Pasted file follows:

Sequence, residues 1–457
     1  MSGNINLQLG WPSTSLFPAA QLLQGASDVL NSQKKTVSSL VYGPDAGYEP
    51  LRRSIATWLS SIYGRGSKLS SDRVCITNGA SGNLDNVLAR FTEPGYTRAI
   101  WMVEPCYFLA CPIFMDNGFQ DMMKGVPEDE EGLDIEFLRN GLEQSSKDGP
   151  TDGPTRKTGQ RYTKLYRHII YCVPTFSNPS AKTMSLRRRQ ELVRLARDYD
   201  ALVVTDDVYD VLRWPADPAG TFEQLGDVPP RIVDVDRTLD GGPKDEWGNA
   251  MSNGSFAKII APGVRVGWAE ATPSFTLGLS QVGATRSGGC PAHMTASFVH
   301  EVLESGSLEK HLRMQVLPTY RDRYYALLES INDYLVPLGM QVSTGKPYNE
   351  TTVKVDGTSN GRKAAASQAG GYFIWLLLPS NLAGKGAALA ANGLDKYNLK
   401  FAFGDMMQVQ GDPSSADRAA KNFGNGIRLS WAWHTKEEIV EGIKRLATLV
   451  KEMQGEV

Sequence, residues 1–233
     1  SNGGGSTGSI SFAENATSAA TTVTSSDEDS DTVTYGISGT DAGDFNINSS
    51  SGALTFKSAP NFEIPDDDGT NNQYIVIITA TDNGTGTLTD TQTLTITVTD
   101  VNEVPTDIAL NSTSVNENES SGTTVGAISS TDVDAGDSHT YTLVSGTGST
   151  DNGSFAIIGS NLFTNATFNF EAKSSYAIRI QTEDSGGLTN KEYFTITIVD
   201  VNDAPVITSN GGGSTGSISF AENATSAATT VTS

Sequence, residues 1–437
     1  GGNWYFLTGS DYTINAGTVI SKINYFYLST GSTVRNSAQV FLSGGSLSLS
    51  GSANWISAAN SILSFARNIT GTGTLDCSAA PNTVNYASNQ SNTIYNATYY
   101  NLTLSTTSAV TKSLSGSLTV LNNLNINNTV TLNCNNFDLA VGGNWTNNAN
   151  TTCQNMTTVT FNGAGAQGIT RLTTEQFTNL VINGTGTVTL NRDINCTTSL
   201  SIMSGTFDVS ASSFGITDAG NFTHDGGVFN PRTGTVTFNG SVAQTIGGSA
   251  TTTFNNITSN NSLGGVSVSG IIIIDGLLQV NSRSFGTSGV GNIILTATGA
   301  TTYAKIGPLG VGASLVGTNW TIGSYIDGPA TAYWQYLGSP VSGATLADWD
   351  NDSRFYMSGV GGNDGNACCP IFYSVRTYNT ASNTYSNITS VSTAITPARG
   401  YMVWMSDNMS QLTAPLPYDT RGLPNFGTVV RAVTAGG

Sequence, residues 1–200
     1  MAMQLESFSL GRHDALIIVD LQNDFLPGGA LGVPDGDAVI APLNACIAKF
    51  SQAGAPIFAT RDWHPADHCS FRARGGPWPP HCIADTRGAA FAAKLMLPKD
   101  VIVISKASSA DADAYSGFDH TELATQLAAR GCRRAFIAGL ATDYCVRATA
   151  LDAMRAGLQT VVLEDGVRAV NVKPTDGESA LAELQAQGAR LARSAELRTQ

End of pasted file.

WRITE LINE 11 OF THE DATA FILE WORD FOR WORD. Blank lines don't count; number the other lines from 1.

   451  KEMQGEV